The Prix De l’Arc de Triomphe, held every fall at the Longchamp course in Paris, is one of the world’s longest running and most prestigious horse races and is rivaled only by Royal Ascot in terms of glamour, though it doesn’t get as much publicity. First run in 1920, it has long been known as the world’s richest race, and nowadays carries a purse of €5 million. Of course its Parisian setting means the event has always had plenty of panache, and the thoroughbreds watching the race are as closely scrutinized as the ones in it. “In a French horse race the horses run a poor third to the pretty girls and latest fashions,” LIFE reported in 1939. “People go, not so much to see the races, as to see each other, to bet and get a glimpse of the season’s fanciest clothes…. The center of the stage is held by the spectators, not the horses.”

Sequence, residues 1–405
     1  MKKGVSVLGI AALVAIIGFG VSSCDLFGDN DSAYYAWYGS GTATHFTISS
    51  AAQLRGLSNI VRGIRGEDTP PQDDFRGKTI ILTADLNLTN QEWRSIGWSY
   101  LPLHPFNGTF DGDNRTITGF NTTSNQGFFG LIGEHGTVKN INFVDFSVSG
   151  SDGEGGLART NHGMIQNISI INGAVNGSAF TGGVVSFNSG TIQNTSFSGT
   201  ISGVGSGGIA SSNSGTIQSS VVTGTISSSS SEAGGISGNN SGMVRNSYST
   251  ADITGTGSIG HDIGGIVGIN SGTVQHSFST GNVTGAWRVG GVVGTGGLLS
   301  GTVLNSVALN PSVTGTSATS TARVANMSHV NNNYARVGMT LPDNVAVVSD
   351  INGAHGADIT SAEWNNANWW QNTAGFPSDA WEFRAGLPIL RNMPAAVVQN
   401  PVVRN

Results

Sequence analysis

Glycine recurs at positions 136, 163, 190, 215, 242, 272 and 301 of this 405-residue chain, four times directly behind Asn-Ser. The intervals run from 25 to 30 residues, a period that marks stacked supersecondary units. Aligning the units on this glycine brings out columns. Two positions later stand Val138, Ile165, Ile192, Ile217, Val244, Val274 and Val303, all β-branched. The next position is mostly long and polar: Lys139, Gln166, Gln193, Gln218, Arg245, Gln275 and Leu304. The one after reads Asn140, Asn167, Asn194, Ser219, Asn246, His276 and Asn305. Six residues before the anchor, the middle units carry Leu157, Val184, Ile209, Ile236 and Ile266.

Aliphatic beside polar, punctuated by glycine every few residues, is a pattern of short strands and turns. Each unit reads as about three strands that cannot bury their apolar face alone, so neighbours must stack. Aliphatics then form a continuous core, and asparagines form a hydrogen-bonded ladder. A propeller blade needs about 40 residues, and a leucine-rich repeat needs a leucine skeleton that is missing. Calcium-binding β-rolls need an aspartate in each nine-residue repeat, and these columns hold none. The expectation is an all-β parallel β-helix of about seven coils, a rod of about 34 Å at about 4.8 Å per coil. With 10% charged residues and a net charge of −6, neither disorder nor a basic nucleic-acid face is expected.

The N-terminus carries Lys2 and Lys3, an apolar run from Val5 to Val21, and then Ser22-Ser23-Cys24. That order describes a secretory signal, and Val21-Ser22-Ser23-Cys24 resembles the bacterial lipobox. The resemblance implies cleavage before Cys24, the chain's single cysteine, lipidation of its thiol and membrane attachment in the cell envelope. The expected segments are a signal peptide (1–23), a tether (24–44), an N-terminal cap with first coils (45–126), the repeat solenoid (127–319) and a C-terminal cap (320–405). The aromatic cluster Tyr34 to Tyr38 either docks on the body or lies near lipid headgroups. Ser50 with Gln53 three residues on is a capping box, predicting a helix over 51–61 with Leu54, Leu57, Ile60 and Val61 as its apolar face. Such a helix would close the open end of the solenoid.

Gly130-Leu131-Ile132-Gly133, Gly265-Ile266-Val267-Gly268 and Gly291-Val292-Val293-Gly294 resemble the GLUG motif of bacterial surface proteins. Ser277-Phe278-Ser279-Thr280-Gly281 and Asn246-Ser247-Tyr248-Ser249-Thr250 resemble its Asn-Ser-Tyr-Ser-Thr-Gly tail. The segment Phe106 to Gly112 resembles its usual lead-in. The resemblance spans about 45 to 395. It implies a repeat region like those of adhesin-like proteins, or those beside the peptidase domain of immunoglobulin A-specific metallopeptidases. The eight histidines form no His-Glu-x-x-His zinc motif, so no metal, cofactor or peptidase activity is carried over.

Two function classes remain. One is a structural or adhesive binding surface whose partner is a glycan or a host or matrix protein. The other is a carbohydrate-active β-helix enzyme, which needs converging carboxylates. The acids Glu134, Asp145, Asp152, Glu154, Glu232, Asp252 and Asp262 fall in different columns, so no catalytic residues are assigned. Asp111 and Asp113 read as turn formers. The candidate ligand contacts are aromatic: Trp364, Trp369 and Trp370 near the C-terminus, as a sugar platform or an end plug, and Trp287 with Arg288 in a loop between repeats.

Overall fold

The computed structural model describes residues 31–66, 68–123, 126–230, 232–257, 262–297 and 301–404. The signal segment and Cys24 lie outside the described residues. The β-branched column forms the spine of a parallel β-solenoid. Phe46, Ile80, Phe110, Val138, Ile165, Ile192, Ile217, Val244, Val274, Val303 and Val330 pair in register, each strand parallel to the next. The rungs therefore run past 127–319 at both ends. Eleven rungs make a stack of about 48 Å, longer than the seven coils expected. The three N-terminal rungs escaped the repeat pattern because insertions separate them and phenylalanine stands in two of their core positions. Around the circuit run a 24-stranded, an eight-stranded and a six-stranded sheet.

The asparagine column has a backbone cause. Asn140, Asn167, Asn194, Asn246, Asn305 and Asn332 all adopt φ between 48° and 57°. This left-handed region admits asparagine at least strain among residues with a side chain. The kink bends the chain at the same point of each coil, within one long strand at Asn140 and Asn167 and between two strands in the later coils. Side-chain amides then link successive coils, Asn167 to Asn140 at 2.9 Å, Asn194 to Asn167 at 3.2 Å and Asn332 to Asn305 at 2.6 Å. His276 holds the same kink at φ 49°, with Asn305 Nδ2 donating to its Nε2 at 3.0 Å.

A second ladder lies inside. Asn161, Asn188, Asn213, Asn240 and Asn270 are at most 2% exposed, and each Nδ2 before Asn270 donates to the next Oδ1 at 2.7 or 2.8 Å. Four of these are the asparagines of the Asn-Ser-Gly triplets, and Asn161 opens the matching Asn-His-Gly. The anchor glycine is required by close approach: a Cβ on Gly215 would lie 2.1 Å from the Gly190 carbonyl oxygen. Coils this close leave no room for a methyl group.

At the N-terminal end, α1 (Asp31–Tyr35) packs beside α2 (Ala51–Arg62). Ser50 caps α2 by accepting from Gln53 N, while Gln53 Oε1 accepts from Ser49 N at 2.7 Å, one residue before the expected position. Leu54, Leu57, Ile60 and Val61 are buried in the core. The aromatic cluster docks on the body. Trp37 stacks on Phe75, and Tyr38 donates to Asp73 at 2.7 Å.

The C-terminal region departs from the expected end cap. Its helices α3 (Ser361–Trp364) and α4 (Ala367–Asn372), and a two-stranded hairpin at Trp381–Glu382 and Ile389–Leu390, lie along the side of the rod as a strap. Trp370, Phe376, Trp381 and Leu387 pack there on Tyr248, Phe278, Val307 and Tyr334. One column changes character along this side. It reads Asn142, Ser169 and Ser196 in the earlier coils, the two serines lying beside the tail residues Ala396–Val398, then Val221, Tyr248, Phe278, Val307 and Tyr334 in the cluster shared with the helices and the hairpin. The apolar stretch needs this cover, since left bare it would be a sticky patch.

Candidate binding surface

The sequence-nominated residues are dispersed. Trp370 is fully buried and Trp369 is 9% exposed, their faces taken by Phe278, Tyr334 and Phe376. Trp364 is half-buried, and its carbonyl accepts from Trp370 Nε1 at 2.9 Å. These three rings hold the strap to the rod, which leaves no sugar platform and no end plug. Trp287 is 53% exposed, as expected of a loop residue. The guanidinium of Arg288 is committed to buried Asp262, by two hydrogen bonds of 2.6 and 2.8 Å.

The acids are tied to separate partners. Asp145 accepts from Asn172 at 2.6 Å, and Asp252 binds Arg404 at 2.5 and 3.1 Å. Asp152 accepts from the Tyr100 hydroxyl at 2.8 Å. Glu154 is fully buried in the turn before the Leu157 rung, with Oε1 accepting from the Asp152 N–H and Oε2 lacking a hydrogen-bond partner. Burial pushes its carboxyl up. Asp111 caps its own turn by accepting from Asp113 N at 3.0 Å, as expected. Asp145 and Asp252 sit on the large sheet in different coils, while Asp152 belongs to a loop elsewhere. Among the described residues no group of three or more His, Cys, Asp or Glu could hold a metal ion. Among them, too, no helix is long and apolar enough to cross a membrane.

10 years later little had changed when the magazine revisited Longchamp, despite the privations of the war. Racing had continued even during the conflict as the course was a favorite with status-obsessed German officers. Well insulated from worldly cares, the old line aristocrats in their silk hats and striped trousers epitomized the indefatigable elegance of the upper classes, who had been holding court at Longchamp since 1857 when Emperor Napoleon III and his wife Eugénie sailed down the Seine on their yacht to attend the opening race. However it wasn’t just the ancien régime who turned out; some 100,000 people were there to witness Coronation win the Arc that year. Here’s a long-lost set of photos from the magazine showing that some things never go out of style. Vive La France.